Coined as a film-making term by Alfred Hitchcock collaborator Angus McPhail, the Macguffin (spell it anyway you like) is a simple plot device which doesn’t do much on its own, but acts as a string on which a number of scenes can be strung, lending an illusion of wholeness to something which, without it, would just be a jumble.
Take Me to Your Leader is the Macguffin idea at its purest, the driver of an effectively brisk and noticeably slick episode of The Avengers, written by Terry Nation and directed by Robert Fuest – pretty much the A team by this stage in the proceedings.
The device? A red briefcase, one that talks, or squawks when we first encounter it in the pre-credits sequence, when someone tries to steal it and another someone retaliates by killing the thief.
In this episode what the case wants the case gets, as it’s passed from one person to another, along a chain, destination: the leader.
Booby-trapped and containing a wealth of top secret codes and ciphers, the case of the errant briefcase is clearly a job for John Steed and Tara King, who are charged with reporting back on the Mr Big the case is ultimately destined for, as it is daisy-chained from one pair of hands to another.
I say Steed but in the initial scenes Tara King is paired with Captain Andrews (Hugh Cross), a hasty last-minute rewrite designed to cover Patrick Macnee’s absence from the set. Look out for the bit where Tara and Captain Andrews jump into a Messerschmitt bubble car for an absurd car chase – though trilby-wearing Andrews gets in, the second unit guys have clearly caught a bowler-wearing chap in footage they recorded earlier. No one will notice, will they? Course not.
Steed returns around ten minutes in and from here on it’s the red case, Steed, King and one potential Mr Big after another. These include Penelope Keith as a character called Audrey (also her character name in the sitcom To the Manor Born), a teacher of ballet to little “monsters” who likes nothing better than a restorative scream when she’s alone after class is over.
Another link in the chain is Sally (Elisabeth Robillard), one of Audrey’s little monsters. To prise info about the ultimate destination or location of the case, Steed attempts to bribe Sally with sweeties. She’s having none of it and demands money. Ten bob (50p) suggests Steed. £25 counters Sally, the young actress’s trills a remarkably effective counterpoint to the silky-tongued Steed. It’s the episode’s best scene.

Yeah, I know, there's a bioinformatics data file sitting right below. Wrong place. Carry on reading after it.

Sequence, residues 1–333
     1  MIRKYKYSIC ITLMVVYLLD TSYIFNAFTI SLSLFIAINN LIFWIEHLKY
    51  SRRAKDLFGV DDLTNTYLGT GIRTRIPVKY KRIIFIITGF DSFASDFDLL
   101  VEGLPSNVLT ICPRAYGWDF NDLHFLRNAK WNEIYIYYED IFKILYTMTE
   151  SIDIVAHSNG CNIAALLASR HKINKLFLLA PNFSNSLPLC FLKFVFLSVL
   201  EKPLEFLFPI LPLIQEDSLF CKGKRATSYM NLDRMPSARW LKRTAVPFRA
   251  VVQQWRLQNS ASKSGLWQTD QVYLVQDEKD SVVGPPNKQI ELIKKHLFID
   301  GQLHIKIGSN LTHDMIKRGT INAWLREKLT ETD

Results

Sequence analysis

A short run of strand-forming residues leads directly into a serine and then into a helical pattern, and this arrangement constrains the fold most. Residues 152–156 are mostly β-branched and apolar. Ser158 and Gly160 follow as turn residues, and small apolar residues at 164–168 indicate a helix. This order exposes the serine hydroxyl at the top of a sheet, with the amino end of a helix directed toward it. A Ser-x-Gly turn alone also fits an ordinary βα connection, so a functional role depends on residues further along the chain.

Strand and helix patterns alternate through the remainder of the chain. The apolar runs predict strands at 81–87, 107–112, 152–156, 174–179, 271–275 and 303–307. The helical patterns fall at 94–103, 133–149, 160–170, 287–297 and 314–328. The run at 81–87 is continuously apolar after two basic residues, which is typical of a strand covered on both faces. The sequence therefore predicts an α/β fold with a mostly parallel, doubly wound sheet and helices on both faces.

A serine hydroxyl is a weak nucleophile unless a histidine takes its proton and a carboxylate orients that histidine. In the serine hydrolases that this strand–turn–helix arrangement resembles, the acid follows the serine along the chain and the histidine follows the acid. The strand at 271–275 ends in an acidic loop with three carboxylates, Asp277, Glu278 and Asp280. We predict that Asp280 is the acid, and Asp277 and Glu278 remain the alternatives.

Events intervene, both end up thwarted and on the red case goes, spreading suspicion as it works its way up the chain. Could Tara be Mr Big? Could it be Mother? It’s a neat plot device slightly ruined by the fact that the real leader has been revealed fairly early on.
Glossily shot, briskly acted and well paced, with humour and jeopardy, smarts and the odd helping hand from the fates, it’s a good, almost cinematic episode with some standout moments – who doesn’t like a bubble car? Or a smart kid? And seeing faces that would later almost wear out their welcome on TV (Michael Robbins, of On the Buses fame, turns up as well as Penelope Keith) adds extra texture for those whose memories stretch back that far. If yours doesn’t, they’re gifted performers it’s worth watching anyway.
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The imdb refers to this as season seven. I’m saying six, along with most of the fan sites and Wikipedia, and in line with the pretty much definitive Studio Canal box set. The reason why the imdb and others say seven is because they’re taking the final block of eight Emma Peel episodes as a separate season. But since there were only eight episodes in that production block, lumping them together with the 16 episodes of what everyone agrees is season five brings the total up to 24, much closer to the usual Avengers run of about 26 episodes.
© Steve Morrissey 2020